Washington (CNN)The White House found itself in a thorny situation recently when its chief florist, Laura Dowling, quit and was reportedly escorted from the residence on the eve of Valentine's Day.
Florist trimmed from White House
That's according to a Monday night account by The Washington Post outlining the famed florist's mysterious departure from the White House.
First Lady Michelle Obama's office confirmed the florist's departure, and, in contrast to the Post's report, offered glowing praise of Dowling's skills.
"As chief florist, Laura Dowling and her team treated guests of the White House to their beautiful floral arrangements. Ms. Dowling's creations were always lively and colorful, reflecting not only the season but the unique and historic rooms which they graced. No two arrangements were ever the same and each one left guests with a lasting impression of the elegance and history of the People's House," the statement said.
"We are grateful for her contribution over the years and wish her well," it said.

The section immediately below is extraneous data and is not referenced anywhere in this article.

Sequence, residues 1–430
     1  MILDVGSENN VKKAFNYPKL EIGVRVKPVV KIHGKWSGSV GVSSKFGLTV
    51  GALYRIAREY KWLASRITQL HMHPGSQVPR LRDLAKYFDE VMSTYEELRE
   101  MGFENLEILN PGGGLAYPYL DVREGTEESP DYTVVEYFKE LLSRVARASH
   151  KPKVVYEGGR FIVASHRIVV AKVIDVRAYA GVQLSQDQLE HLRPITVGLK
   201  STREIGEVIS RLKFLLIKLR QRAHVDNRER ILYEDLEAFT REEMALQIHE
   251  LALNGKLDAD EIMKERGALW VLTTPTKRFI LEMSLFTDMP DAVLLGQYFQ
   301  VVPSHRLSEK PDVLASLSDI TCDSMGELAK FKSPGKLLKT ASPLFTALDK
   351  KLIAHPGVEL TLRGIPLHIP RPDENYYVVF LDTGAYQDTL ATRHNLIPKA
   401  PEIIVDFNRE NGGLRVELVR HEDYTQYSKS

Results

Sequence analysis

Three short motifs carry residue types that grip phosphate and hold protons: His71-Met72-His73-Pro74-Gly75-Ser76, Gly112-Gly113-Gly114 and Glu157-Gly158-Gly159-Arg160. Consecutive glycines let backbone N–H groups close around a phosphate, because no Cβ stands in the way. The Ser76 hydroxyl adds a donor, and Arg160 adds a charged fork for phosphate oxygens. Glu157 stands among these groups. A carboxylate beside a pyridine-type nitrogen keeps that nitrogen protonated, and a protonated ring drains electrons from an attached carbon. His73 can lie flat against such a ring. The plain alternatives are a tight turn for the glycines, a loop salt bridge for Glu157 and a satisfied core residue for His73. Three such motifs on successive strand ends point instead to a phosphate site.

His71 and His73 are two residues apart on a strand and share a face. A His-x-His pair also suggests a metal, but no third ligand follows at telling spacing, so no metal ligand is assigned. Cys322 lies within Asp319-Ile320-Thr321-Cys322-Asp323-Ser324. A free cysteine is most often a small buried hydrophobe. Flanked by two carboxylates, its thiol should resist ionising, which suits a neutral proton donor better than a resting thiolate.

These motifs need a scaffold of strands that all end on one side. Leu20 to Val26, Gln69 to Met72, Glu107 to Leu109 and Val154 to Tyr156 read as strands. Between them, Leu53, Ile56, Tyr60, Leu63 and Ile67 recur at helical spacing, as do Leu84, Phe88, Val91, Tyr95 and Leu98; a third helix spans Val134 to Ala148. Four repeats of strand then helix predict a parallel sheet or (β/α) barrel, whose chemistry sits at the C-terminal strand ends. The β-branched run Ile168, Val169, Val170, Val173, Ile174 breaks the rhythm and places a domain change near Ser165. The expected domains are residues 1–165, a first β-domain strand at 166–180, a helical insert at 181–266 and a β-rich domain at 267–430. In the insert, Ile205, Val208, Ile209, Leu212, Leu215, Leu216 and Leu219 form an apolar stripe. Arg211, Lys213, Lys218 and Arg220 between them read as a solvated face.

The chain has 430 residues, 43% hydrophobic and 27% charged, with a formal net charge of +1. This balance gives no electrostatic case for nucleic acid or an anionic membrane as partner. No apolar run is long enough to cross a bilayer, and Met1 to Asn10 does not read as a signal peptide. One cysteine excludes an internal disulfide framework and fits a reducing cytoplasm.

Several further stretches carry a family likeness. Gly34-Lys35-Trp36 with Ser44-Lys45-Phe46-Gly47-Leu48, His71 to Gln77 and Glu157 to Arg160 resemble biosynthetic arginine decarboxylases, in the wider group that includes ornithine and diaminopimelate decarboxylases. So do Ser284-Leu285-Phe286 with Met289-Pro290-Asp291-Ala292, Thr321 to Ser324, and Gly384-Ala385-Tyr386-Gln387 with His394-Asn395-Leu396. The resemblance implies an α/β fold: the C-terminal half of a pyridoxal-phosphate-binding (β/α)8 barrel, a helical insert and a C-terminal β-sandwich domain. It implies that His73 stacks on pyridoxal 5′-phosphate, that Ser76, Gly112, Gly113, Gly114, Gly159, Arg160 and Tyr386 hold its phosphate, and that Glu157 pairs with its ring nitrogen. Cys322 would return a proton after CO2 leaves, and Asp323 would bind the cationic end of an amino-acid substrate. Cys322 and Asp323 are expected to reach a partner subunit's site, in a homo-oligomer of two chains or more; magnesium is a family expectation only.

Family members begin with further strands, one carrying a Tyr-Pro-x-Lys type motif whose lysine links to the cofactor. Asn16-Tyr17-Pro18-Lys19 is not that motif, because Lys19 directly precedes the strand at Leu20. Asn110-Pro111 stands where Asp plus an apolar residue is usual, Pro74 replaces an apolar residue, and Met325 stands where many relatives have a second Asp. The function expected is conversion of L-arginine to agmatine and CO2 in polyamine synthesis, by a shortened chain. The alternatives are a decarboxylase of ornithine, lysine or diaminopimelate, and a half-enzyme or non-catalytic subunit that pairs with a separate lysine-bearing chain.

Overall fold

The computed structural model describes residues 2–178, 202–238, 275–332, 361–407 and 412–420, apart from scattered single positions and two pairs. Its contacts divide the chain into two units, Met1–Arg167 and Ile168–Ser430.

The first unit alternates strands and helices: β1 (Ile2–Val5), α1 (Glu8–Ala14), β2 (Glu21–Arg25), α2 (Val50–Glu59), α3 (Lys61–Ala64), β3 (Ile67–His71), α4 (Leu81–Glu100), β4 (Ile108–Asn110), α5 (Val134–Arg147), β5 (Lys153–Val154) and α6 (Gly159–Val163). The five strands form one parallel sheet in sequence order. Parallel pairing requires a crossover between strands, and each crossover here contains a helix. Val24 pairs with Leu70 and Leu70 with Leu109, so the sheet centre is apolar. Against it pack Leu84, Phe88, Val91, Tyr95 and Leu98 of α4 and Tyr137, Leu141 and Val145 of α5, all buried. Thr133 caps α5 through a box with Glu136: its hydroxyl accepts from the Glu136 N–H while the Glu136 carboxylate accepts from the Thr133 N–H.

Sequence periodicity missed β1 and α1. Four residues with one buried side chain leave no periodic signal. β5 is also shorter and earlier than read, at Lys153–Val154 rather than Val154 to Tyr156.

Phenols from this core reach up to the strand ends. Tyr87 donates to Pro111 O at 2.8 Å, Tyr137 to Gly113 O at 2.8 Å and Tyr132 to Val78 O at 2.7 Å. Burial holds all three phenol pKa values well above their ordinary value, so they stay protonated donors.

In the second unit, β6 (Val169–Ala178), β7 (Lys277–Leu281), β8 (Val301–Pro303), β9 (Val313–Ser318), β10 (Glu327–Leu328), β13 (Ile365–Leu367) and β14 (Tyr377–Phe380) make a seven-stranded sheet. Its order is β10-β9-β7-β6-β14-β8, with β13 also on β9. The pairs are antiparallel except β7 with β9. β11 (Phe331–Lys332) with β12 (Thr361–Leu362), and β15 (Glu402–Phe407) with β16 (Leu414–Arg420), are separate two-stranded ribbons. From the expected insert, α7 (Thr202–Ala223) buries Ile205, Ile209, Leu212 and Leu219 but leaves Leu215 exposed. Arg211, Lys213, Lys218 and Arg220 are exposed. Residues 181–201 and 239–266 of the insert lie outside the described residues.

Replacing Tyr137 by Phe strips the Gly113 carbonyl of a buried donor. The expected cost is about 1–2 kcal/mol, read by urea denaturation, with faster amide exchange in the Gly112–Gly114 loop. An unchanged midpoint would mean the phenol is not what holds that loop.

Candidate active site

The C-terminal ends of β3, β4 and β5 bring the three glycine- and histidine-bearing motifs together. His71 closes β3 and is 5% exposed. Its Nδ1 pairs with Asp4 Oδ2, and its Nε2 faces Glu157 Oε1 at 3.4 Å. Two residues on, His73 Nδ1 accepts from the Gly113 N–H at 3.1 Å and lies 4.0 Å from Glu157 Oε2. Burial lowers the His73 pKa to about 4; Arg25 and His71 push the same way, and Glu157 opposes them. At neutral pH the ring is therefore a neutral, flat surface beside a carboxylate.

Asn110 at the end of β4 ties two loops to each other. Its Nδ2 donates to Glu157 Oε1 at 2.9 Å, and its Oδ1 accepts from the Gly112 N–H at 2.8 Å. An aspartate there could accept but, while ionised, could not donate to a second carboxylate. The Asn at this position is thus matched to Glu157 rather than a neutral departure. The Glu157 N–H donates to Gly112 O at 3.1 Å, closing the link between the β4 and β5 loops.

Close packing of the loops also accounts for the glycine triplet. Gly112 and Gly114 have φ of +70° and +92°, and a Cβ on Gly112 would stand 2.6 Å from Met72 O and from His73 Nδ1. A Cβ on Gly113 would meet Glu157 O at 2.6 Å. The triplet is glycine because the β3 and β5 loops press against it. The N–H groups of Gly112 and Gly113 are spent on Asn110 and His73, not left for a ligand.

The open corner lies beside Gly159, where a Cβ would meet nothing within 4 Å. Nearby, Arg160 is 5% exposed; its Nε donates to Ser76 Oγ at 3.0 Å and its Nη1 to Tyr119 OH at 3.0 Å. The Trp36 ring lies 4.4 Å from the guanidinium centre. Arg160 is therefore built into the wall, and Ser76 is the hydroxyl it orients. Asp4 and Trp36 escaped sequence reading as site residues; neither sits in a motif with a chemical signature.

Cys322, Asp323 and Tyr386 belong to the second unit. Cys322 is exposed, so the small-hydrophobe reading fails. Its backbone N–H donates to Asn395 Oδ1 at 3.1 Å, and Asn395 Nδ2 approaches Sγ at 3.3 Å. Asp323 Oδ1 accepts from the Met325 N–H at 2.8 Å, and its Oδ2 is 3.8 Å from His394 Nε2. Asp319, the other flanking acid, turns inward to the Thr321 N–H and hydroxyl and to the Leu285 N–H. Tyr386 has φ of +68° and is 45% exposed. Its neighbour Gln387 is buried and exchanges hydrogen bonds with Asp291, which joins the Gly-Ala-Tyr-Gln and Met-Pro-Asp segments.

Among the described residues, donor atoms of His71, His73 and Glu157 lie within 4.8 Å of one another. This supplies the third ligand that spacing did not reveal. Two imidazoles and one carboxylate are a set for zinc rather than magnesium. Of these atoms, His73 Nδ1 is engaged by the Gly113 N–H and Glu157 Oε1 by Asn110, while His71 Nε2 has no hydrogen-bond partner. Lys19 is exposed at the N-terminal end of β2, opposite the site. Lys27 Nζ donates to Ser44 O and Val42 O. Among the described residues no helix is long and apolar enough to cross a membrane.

Dowling, a French-trained artisan who owns her own flower shop in Alexandria, Virginia, had been in the coveted position since 2009. She succeeded Nancy Clarke, who held the job for three decades. She didn't respond to a CNN request for comment, but in a statement issued through law firm Sidley Austin to The Washington Post, Dowling said she resigned "to pursue exciting new opportunities and explore my passion for floral artistry and design."
"Over the next few weeks and months, I'll be launching a new platform for my work as an author, speaker, instructor and design consultant that builds on the creative ideas and partnerships I've formed during my tenure there. It's been such an honor to work at the White House and I will always be grateful for this incredible opportunity," she said.
Hopefully, for the White House, a florist by any other name will still smell as sweet.